New Jersey Institute of Balance - September 2017

Sept 2017


Marshmallows What Can Teach You About Physical Therapy

Years later, Mischel and his team followed up with

Back in the ’60s and ’70s, a well-known psychologist namedWalter Mischel set out to study the development of children’s capacities for delayed gratification with his famous experiment known as the“Stanford MarshmallowTest.”The procedure for the study was deceptively straightforward. Participating kids, usually between the ages of 4 and 6, were seated in a room devoid of distractions. In front of themwas a plate with a treat of their choice: an Oreo, pretzel stick, or, of course, a lone marshmallow. Researchers told the tykes that they could eat the treat if they wanted, but there was a catch: If they waited 15 minutes without giving into temptation, they’d be rewarded with a second treat. Then the researchers left the room and observed the kids through a one-way mirror. Many of the youngest children chomped down their treat mere seconds after the researchers left. Others seemed to summon up reserves of intense focus, staring down the marshmallow as if it were an adversary on the battlefield. Some older kids shrewdly deployed strategies to distract them from the taunting sweets, singing songs over and over or simply turning around and facing the other way. But in the end, about 70 percent of kids broke down and scarfed their treat, despite their best efforts to resist.

On the other hand, just as many eat that marshmallow, they head home after a long day at work, and instead of stretching their hamstrings or doing their prescribed squats, they plop down on the couch and turn on their DVR to catch up on“Game of Thrones.”Patients who slip into these bad habits spend months neglecting their exercises and ultimately end up just barely above where they started, still suffering from pervasive pain. Maybe they get their act together or maybe they continue reinforcing their marshmallow-eating habits until insurance stops paying for their treatment. They may reluctantly leave the practice without resolving their problem. The willpower needed for recovery isn’t a given. Truly, it acts like the muscles in your legs, strengthening when you work to build good habits and weakening when you don’t. We do everything we can to encourage and motivate our patients. We want them to realize the goals they set out to accomplish when they first came to the institute. But in the end, it’s up to them. The question is, do you want two marshmallows later or one now? — Dr. Michael Russo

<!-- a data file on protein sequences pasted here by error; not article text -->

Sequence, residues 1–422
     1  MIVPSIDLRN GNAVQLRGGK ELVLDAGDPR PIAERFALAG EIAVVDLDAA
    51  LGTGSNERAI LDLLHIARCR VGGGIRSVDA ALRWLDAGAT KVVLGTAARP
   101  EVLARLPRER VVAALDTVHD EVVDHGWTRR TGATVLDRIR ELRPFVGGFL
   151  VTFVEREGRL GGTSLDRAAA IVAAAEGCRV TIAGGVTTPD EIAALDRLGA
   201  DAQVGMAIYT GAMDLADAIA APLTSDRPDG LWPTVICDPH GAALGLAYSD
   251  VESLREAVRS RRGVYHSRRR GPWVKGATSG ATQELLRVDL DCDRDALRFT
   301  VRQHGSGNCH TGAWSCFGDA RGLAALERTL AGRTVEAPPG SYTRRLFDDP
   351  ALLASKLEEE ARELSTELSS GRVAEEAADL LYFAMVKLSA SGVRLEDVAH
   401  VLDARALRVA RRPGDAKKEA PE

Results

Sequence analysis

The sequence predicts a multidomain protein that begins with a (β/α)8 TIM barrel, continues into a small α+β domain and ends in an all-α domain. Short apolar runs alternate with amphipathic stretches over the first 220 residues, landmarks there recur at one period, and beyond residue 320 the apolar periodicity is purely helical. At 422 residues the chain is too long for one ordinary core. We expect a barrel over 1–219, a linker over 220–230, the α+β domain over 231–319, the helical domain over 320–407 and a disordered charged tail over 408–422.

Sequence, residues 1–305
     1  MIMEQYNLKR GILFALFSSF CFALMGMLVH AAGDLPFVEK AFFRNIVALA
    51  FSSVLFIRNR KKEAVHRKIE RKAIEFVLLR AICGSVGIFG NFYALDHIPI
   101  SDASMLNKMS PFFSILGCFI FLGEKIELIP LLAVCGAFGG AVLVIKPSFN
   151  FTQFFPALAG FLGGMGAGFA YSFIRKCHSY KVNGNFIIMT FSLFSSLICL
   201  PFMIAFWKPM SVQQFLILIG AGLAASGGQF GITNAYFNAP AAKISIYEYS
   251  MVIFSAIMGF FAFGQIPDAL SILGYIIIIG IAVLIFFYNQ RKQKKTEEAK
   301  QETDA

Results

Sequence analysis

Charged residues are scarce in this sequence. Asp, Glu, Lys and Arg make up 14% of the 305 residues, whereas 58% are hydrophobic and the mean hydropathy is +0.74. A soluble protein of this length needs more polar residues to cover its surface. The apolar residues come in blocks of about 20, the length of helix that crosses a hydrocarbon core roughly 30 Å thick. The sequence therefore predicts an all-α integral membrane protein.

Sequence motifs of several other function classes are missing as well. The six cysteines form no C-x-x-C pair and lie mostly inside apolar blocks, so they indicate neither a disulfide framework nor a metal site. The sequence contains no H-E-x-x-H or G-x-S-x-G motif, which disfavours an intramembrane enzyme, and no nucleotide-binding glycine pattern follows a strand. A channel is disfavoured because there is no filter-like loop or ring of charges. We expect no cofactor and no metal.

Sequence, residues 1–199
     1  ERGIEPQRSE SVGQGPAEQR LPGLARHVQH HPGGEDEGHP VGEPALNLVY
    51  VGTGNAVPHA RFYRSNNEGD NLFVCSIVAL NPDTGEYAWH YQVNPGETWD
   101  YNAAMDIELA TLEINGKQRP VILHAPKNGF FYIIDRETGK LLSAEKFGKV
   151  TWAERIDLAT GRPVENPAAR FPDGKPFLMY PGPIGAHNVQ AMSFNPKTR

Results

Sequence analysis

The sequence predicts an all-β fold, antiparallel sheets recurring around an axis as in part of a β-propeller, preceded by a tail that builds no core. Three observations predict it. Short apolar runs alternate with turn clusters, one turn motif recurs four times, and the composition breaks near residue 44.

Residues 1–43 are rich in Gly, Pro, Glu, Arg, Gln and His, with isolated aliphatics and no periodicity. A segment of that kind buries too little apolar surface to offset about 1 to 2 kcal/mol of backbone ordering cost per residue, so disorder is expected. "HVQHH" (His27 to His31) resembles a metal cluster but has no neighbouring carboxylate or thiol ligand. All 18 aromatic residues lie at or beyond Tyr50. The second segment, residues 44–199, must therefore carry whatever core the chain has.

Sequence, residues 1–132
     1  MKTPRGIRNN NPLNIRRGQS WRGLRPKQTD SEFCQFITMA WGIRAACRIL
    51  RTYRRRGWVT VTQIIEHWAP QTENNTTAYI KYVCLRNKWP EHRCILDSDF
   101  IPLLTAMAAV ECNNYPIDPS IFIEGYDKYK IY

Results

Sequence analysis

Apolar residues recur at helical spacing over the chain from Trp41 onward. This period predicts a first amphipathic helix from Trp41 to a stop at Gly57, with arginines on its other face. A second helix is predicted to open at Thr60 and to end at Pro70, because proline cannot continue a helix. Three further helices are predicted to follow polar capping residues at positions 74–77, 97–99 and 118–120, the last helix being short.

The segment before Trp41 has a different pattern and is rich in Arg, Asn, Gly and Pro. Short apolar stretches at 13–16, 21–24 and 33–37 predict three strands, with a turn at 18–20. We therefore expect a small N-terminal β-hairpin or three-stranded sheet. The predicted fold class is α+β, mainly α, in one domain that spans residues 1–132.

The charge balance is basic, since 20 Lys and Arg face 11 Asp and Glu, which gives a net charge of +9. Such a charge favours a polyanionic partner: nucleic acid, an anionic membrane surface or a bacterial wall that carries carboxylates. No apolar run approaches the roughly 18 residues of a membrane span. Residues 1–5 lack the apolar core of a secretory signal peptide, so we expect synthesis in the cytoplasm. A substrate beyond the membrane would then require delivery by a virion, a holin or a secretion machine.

the parents and academic advisors of the 653 participants in the marshmallow experiment, who by then were in high school. In the results, Mischel saw a striking pattern: The larger subset of kids, the ones who couldn’t wait 15 minutes for an additional treat, were more likely to have behavioral problems or struggle in school. Though he was reluctant to draw a direct line from the results of the experiment, one thing was clear: The willpower to delay gratification was correlated with a greater level of success in life. Of the hundreds and hundreds of patients we treat at New Jersey Institute of Balance, many are like those little kids chomping down the marshmallow after only a few minutes. We go through a battery of exercises and techniques at the practice. We then prescribe them a regimen of stretches and exercises to do at home. Many patients, dedicated to a full recovery, keep their eyes on their original goal of being able to golf or run or just live pain-free again, and diligently complete their home exercises every single day. Over months of directed effort, these patients usually make a full recovery and move on with their lives, proud of their accomplishments and their lack of pain.


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